Auto Service World
Feature   September 1, 2007   by Andrew Ross

Awareness Focus of October Car Care Campaign

Acoordinated awareness campaign as will take the place of a Be Car Care Aware media blitz this October.

Cross-country media campaigns have been successful, but it was time for another approach, explains Jane Wilcox, who has handled media arrangements for the campaign for several years now.

Building awareness among young people is an important focus of this October’s Car Safety Month activities.

University students will be the target of one initiative, says Wilcox. “Good old media relations,” she says, focusing on hooking up university media outlets with Be Car Care Aware spokesperson Kelly Williams.

Williams remains a key part of the campaign, even though much of the information provided to media outlets and the public will focus on the results of a survey of how aware Canadians are about simple vehicle maintenance. That survey reveals some important differences between the older driver and the younger driver, with the latter being revealed as particularly lacking in knowledge, sometimes in surprising areas.

“One was the number of teenagers 18 to 24 who had never checked their tire pressure,” says Williams. “It’s one of the most basic things. That was significant. [Another was] not changing the oil until the oil change light came on. We have some work to do.”

Perhaps as surprising was the fact that there was no connection between what habits drivers have, or don’t have, and why they might have been stranded by the roadside in the past.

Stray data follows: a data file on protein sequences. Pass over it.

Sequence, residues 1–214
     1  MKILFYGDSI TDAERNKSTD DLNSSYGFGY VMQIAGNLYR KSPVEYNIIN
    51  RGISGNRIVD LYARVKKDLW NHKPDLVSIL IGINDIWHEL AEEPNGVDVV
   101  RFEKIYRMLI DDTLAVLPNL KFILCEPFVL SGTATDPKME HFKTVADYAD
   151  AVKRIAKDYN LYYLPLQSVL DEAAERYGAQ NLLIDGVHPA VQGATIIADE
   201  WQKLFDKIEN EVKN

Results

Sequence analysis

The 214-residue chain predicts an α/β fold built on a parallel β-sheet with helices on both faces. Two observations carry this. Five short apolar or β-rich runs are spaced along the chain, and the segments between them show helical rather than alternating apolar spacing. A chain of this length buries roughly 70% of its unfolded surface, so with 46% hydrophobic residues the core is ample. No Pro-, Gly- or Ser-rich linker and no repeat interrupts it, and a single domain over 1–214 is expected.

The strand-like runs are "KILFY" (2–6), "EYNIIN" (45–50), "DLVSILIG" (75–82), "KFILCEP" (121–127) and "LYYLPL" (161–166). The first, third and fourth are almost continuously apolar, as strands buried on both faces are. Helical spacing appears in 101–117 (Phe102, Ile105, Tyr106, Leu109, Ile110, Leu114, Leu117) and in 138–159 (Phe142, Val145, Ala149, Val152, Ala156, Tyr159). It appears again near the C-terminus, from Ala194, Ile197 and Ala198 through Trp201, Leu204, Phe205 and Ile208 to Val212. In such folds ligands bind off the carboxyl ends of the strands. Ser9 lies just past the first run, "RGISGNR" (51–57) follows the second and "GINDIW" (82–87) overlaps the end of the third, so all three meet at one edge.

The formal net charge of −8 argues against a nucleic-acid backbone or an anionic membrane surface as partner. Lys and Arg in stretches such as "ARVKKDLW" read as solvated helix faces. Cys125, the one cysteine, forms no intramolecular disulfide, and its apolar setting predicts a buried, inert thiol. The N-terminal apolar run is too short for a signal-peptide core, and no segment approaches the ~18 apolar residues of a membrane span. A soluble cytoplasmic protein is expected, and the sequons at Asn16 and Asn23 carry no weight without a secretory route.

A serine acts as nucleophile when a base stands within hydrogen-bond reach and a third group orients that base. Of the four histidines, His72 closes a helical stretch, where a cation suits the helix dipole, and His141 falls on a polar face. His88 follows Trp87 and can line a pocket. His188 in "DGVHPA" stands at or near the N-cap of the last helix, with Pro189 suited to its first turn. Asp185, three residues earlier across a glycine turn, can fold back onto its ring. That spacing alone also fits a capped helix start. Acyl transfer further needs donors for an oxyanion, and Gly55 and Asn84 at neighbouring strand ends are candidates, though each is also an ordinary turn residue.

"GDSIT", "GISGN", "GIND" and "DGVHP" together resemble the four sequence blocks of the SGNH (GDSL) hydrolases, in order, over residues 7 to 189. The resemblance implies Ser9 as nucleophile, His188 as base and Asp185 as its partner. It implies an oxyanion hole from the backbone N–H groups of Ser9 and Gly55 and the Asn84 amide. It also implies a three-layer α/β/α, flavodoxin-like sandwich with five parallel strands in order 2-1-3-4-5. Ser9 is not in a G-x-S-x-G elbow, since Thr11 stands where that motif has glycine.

Some 65% of respondents reported being broken down at the roadside at some point, with more than a few reporting that it was due to a flat tire, which was pretty important too.

There are some bright points to the past several years of campaigning, Wilcox notes. People are aware of the Be Car Care Aware initiative–or at least more than they were in the past–and some even reported having changed their maintenance behaviour in ways that the campaign had not even addressed. This “halo effect” indicates that those consumers have incorporated the campaign’s branding into their core thinking about car maintenance. There has been some good awareness-building among the older crowd, but there is still more to do with younger drivers.

“Tires are such an easy thing to talk about, but the message isn’t getting through,” says Wilcox. “You wonder about the young people who are reporting that they are not interested or don’t have the knowledge. What are we doing to talk to the new generation of vehicle owner? That is a lot of what we are going to be doing this October: focusing on the younger group.” Wilcox says that media and the industry all have a role to play in reaching this group better.

“They aren’t being taught it in drivers’ ed,” says Williams. “And most guys aren’t tinkering with their cars as much. Cars are more reliable, but tires still lose air pressure, and filters still get dirty. It’s a challenge.”

For more information on Be Car Care Aware activities and resources, visit

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